China's South-to-North Water Diversion Project transfers 53.1 billion cubic meters of water

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China's South-to-North Water Diversion Project transfers 53.1 billion cubic meters of water

Part of the South-to-North Water Diversion Project runs through Nanyang, Henan province, as part of the undated aerial photo. PHOTO XINHUA BEIJING The east and middle routes of China's South-to-North Water Diversion Project have transferred 53.1 billion cubic meters of water as of Friday, according to official data.

The project has replenished over 50 rivers with a total of 8.5 billion cubic meters, and recovered more than 5 billion cubic meters of over-exploited underground water.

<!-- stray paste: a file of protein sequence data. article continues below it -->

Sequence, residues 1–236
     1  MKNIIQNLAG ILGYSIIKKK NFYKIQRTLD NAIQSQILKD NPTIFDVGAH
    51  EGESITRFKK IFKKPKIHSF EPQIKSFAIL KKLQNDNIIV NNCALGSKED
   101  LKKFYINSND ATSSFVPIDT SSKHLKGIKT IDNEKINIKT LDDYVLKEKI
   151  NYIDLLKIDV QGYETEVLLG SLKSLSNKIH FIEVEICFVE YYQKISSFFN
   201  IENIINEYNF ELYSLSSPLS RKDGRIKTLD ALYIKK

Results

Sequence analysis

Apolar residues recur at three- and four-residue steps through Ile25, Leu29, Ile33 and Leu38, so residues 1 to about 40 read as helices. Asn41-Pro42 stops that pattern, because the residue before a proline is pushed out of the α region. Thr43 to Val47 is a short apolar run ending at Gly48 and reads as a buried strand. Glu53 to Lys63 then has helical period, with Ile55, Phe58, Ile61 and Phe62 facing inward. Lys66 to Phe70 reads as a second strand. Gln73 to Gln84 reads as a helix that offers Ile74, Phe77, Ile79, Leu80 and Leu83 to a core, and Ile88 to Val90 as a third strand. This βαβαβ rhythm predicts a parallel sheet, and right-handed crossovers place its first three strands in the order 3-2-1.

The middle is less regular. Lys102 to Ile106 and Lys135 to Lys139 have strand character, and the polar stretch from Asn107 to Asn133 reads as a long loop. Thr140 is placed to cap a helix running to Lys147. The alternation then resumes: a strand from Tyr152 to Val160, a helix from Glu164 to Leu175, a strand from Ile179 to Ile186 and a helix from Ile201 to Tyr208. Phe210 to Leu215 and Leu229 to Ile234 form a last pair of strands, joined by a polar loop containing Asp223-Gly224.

Since 2014, over 140 million people in the north, including those in metropolises like Beijing and Tianjin, have relied on the project as a major source of water.

At a meeting on Friday, China's Minister of Water Resources Li Guoying urged action to speed up the construction of the middle route and plan for the western route.

The South-to-North Water Diversion Project has three routes.

The middle route is the most prominent of the three, due to its role in feeding water to the nation's capital. It starts at the Danjiangkou Reservoir in central China's Hubei province and runs through Henan and Hebei before reaching Beijing and Tianjin. ALSO READ: 120 million benefit from the project that diverts water.

The eastern route began operations in November 2013, transferring water from east China's Jiangsu province to areas including Tianjin and Shandong.

The western route is in the planning stage and is yet to be built.